Ken Yager: This year will be the 12th annual. I have organized every one, but I couldn't do it without a lot of help.
Editor: And approximately how many folks show up to help each year?
Ken Yager: We have about 2,000 unique volunteers per year and average about 600 participants per day.
Editor: You have also talked about the creation of a museum so that the climbing history of Yosemite is well preserved and folks can come in and look at all the priceless artifacts and memorabilia that you have collected for a long time.
It is impressive that you wish the museum to be free and available to all, and that no one will have to buy tickets to visit it. It will surely pull in more tourists to Yosemite who will without a doubt make it a part of their travel itinerary!
Ken Yager: This is a project I have been working on since 1992. I feel that Yosemite should have a permanent climbing museum. The problem is finding a space in the Valley for a museum.
The last exhibit I did in the Park was titled Granite Frontiers. It was up for a little over 4 months and over 70,000 people saw the exhibit. The majority of the visitors were not climbers, they were people that wanted to learn more about it. People were fascinated by the stories.
Over the years I have collected over 10,000 items. I formed a non-profit called Yosemite Climbing Association to provide ownership of these items. YCA's mission is to make these items available for public viewing and interpretation free of charge.
The collection includes an 1875 George Anderson spike from Half Dome, the Richard Leonard notebooks from the 1934 first ascents of Lower and Higher Cathedral Spires, John Salathe's rack, equipment from the first ascent of the Nose of El Capitan, etc... I just hope that I can see a climbing museum in Yosemite during my lifetime.
Editor: And you most definitely will, I'm sure. How did you and your family find New York? What were your impressions?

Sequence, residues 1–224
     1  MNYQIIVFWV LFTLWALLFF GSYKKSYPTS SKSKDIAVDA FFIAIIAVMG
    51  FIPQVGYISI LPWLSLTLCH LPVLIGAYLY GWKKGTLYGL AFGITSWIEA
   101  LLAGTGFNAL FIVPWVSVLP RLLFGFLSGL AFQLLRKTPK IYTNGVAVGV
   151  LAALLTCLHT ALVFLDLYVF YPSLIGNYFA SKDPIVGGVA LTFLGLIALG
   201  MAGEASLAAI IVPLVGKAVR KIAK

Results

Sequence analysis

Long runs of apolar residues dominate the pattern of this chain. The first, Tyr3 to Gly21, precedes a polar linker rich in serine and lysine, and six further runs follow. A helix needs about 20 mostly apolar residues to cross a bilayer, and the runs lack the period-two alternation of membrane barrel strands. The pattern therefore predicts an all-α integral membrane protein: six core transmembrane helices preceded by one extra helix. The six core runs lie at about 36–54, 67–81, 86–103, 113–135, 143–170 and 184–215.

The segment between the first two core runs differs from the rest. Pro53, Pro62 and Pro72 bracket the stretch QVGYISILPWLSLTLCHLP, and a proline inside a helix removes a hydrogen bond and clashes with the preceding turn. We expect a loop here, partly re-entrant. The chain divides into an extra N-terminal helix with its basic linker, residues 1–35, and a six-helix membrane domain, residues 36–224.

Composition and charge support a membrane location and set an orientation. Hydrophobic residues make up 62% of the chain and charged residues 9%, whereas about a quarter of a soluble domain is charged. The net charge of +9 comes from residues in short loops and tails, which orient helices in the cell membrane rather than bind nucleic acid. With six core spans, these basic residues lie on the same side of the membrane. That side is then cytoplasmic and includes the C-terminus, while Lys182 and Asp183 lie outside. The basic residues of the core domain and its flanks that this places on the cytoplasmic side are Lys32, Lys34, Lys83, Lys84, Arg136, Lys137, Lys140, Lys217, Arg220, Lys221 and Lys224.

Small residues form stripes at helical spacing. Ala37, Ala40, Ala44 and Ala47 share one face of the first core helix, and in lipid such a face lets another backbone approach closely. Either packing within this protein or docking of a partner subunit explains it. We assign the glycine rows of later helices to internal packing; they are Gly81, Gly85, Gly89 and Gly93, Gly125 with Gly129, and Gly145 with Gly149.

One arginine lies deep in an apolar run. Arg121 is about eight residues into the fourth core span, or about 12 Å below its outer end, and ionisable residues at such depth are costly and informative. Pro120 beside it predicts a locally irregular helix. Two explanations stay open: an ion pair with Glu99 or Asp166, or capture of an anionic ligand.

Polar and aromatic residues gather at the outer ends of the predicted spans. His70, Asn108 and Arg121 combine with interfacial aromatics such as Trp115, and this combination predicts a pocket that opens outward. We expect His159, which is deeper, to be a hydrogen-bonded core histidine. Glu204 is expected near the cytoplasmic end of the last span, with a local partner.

Ken Yager: It was the first time that any of us had been to New York City and we loved it. I generally am not very comfortable in cities but found it very interesting with a lot of fun stuff to do. I would go back.
Editor: At the annual AAC dinner did you get to meet and talk with your contemporaries whom you may not have seen in years?
Ken Yager: I saw some folks I hadn't seen in a while and met others that I had not met before. It was a pleasure to meet Reinhold Messner, Sir Chris Bonington, Kim Schmitz, and many others. During the dinner Kim Schmitz was seated next to me at the table. I enjoyed talking to him during the evening. We have a lot of mutual friends but had not met before.
Editor: That's wonderful. You also met with Reinhold Messner and there is a photo of the two of you talking about something. What was that like?
Ken Yager: It was sort of unreal. I had known about him since I started climbing in 1971. He looked exactly the same as the pictures I had seen of him when I first had read about him. I think I have aged a lot more than he has. We talked a bit about climbing museums and he gave me some good advice.
Editor: Thanks for sharing your thoughts with us and again, congratulations on receiving a much deserved award.
Interview conducted by Vera Kaikobad L. Ac.
Editor of the Facebook Climbing Page 'An Interview With '.
Editor-in-Chief of ClimbSkiBoulderMagazine.com
Interview © Vera Kaikobad L. Ac.
1st Photo courtesy of Ken Yager and 2nd Photo Credit:Jesse Shotland/American Alpine Club. (Special thanks to Whitney Bradberry of the American Alpine Club.)
On the Cover: Ken Yager
Winner of the David R. Brower Conservation Award for Outstanding Service in Mountain Conservation
Date of Cover: March 11th, 2015